Cross country continues to struggle

Both Chapman cross-country teams place nearly in the bottom after high temperatures affect runners at the UC Riverside Invitational Saturday.

Freshman Avalon Derlacki (left) and sophomore Charlie Truax (right) run side by side during a UC Riverside Invite Saturday. Photo by Anna Wlodarczyk

Running in the heat dictated the pace for the Chapman cross-country team, which struggled on Saturday at the UC Riverside Invitational.

The Panthers competed in stifling high-90 degree heat. The men placed 10th of 11 and the women placed 16th of 18.

“When I crossed the finish line, three girls around me passed out,” said sophomore runner Emily Ralston. “Other girls even threw up.”

Ralston was the top finisher for the women in the 5k, coming in 85th place with a time of 20:17.7. Behind Ralston were sophomore Charlie Truax (160th), freshman Avalon Darlaki (162th), freshman Marisol Diaz (169th) and junior Garcia Paulette (204th).

“We ran hard and competed well, but the heat without a doubt affected our times,” said assistant coach Brett Halvaks.

The men were led by freshman Chris Reid, who came in 67th, with a time of 28:28.3 in the 8k. Following Reid were sophomore Spencer Berry (107th), freshman Shaun Yee (127th), sophomore Chad King (137th), freshman Josh Nudelman (142nd) and freshman Connor Hague (155th).

“Before the race, I was hoping to have a better time than in last week’s race because this course is much easier to run, but the heat made that very difficult,” Reid said. “I don’t think anyone had the time that they were hoping for.”

Although this showing by a very young Chapman cross-country program was not a success, one of the bright spots for the women came in finishing ahead of Division-I Pepperdine.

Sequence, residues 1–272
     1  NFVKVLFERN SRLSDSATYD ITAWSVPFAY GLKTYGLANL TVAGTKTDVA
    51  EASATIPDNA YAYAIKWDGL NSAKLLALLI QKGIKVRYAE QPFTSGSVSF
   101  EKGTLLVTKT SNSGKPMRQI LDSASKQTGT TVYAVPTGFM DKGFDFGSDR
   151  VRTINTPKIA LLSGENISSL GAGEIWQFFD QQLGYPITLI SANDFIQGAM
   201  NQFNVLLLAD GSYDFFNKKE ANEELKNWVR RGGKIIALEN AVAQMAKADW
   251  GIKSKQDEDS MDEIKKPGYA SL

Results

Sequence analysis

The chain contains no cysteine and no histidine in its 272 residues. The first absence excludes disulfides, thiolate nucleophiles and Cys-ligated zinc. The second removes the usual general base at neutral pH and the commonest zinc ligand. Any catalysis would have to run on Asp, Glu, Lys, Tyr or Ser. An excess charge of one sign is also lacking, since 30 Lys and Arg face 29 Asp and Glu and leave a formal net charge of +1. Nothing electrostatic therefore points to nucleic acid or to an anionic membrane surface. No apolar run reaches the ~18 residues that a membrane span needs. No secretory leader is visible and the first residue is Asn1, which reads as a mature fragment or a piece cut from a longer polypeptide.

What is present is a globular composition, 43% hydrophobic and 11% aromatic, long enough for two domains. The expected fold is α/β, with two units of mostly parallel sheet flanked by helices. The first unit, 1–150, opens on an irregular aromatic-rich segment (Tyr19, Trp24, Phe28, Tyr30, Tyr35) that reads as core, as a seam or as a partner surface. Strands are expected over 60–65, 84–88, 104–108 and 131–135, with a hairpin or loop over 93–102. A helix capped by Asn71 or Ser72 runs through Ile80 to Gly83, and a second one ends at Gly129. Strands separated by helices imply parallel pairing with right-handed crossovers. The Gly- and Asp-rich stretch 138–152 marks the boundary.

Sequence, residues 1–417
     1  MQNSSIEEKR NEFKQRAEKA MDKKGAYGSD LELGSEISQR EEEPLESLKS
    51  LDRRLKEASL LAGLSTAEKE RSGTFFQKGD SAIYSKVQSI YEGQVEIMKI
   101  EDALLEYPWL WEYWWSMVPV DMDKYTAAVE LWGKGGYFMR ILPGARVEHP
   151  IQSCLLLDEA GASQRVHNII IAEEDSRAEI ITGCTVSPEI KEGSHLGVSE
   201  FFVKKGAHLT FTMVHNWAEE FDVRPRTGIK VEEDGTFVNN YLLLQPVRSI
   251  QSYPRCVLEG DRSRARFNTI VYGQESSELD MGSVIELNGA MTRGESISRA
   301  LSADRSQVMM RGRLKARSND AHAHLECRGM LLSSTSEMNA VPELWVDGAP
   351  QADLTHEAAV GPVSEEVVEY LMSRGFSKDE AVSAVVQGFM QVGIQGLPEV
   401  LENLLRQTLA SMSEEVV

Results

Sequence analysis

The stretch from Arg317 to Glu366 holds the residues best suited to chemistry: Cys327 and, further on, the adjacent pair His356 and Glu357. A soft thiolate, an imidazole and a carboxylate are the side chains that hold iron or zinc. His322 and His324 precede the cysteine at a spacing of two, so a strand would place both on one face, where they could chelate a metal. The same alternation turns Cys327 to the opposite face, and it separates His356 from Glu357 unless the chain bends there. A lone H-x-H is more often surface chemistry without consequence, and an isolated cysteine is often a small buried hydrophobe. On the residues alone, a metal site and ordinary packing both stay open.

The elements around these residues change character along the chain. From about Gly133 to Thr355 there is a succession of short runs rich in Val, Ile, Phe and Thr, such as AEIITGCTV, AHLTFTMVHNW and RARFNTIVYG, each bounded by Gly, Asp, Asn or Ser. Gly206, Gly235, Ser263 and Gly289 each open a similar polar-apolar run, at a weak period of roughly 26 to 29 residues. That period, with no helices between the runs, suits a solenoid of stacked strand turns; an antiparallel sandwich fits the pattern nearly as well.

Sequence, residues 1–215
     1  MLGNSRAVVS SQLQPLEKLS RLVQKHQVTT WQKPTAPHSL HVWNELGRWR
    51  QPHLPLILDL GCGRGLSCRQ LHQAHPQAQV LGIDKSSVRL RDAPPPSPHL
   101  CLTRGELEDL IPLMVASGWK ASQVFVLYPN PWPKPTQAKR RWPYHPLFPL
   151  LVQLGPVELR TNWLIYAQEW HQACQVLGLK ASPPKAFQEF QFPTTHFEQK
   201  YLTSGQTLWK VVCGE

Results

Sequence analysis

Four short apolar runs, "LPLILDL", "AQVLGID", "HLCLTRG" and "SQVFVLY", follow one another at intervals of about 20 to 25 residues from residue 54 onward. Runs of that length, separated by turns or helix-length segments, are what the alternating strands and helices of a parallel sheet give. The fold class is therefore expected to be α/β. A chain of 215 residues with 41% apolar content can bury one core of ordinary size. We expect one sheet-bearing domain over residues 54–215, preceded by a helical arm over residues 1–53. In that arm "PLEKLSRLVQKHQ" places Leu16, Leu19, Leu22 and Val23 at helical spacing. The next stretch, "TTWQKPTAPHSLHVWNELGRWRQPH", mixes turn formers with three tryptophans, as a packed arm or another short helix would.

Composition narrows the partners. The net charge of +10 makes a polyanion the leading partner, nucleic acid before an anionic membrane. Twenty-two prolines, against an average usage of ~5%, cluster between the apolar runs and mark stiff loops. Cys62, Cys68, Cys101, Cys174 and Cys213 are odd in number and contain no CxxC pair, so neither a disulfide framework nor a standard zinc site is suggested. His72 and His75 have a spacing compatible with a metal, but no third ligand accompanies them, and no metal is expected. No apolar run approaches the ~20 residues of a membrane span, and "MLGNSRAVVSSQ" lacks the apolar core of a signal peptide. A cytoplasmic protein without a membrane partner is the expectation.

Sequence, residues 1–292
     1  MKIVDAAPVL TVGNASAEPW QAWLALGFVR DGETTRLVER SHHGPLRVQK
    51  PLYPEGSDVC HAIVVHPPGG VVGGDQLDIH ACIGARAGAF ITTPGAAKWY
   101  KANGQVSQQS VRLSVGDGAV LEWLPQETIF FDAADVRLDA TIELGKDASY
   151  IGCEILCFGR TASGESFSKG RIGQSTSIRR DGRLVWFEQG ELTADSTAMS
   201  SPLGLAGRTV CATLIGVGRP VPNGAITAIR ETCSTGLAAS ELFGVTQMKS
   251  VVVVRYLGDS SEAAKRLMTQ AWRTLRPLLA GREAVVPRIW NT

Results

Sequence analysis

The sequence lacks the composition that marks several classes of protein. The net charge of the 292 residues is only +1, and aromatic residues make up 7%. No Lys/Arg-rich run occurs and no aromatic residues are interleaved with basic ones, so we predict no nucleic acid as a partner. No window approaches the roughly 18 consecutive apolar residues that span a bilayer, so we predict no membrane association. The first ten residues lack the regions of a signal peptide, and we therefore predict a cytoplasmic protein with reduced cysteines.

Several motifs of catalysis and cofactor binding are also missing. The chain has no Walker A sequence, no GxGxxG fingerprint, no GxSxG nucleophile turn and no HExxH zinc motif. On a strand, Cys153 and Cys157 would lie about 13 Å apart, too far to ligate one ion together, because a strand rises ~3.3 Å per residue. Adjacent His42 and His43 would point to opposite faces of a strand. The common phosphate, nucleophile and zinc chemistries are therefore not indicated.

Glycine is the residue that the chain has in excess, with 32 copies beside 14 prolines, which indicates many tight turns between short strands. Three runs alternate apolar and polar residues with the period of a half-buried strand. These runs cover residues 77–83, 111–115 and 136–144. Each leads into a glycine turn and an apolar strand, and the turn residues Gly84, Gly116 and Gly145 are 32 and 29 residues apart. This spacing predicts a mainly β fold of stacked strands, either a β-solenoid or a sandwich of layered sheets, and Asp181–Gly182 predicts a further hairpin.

“We are taking things meet by meet, always trying to get better, and not repeat any mistakes we make,” Ralston said.

For a young team like Chapman, the change from high school to college can be somewhat of a shock. For the men, the races distance increases from 5k, about 3.1 miles, to 8k, almost 5 miles.

“You just have to make sure you pace yourself. The race is almost twice as long, and it can be easy to go too fast at the start and die at the end,” said Reid.

Halvaks said the runners felt more comfortable with the 8k distance at the Saturday meet.

“Even though their times may not have been what they wanted to, partially due to the heat, they are getting more and more used to the longer distance,” Halvaks said.

The team is full of newcomers, only returning six runners from last year. Ralston described the season as a rebuilding year.

Ralston and Reid, both underclassmen, have been the top finishers for the Panthers at each meet so far this year. Although Ralston is a sophomore, she too is a newcomer after spending last year as a member of the crew team.

Next weekend, the Panthers have their last tournament of the year at the Pomona-Pitzer Invitational before beginning their first year in the SCIAC. They will face several SCIAC opponents at a meet on October 12.

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